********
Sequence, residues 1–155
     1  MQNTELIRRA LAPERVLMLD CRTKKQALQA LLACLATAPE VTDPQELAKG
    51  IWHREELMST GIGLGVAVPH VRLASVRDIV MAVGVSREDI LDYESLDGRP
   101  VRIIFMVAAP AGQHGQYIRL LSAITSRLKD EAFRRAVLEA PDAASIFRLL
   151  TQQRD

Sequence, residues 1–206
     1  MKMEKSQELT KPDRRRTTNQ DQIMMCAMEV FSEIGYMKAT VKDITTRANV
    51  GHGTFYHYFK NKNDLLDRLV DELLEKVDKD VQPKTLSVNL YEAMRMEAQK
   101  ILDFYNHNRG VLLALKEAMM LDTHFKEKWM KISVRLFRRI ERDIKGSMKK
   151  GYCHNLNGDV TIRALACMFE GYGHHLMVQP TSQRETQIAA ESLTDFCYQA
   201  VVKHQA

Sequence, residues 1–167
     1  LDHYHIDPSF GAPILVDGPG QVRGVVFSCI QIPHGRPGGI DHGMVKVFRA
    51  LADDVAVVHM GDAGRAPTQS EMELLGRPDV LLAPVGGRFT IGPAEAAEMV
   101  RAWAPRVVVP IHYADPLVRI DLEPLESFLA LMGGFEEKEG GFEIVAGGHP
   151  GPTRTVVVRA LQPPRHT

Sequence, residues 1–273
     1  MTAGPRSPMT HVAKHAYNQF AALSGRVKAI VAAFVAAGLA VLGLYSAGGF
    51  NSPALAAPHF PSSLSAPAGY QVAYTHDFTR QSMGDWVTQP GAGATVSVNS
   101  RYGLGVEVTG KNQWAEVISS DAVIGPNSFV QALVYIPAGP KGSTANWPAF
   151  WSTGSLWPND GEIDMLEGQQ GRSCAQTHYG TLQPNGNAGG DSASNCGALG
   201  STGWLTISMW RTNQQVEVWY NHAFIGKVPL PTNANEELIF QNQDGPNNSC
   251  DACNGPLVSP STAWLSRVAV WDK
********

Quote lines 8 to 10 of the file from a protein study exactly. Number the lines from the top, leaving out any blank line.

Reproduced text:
    51  GHGTFYHYFK NKNDLLDRLV DELLEKVDKD VQPKTLSVNL YEAMRMEAQK
   101  ILDFYNHNRG VLLALKEAMM LDTHFKEKWM KISVRLFRRI ERDIKGSMKK
   151  GYCHNLNGDV TIRALACMFE GYGHHLMVQP TSQRETQIAA ESLTDFCYQA